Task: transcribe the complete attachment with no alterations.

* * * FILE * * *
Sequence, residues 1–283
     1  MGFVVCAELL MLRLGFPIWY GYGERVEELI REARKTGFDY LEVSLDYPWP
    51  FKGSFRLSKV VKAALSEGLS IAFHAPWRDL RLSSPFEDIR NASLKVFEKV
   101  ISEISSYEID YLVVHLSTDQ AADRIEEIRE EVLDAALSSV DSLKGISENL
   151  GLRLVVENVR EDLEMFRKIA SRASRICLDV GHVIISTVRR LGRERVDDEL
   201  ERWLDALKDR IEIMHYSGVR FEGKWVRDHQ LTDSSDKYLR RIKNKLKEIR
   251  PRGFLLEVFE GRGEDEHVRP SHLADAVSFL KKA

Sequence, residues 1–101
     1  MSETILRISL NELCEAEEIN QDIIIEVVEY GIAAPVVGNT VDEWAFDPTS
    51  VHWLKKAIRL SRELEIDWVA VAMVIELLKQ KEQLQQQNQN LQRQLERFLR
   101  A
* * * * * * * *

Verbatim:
Sequence, residues 1–283
     1  MGFVVCAELL MLRLGFPIWY GYGERVEELI REARKTGFDY LEVSLDYPWP
    51  FKGSFRLSKV VKAALSEGLS IAFHAPWRDL RLSSPFEDIR NASLKVFEKV
   101  ISEISSYEID YLVVHLSTDQ AADRIEEIRE EVLDAALSSV DSLKGISENL
   151  GLRLVVENVR EDLEMFRKIA SRASRICLDV GHVIISTVRR LGRERVDDEL
   201  ERWLDALKDR IEIMHYSGVR FEGKWVRDHQ LTDSSDKYLR RIKNKLKEIR
   251  PRGFLLEVFE GRGEDEHVRP SHLADAVSFL KKA

Sequence, residues 1–101
     1  MSETILRISL NELCEAEEIN QDIIIEVVEY GIAAPVVGNT VDEWAFDPTS
    51  VHWLKKAIRL SRELEIDWVA VAMVIELLKQ KEQLQQQNQN LQRQLERFLR
   101  A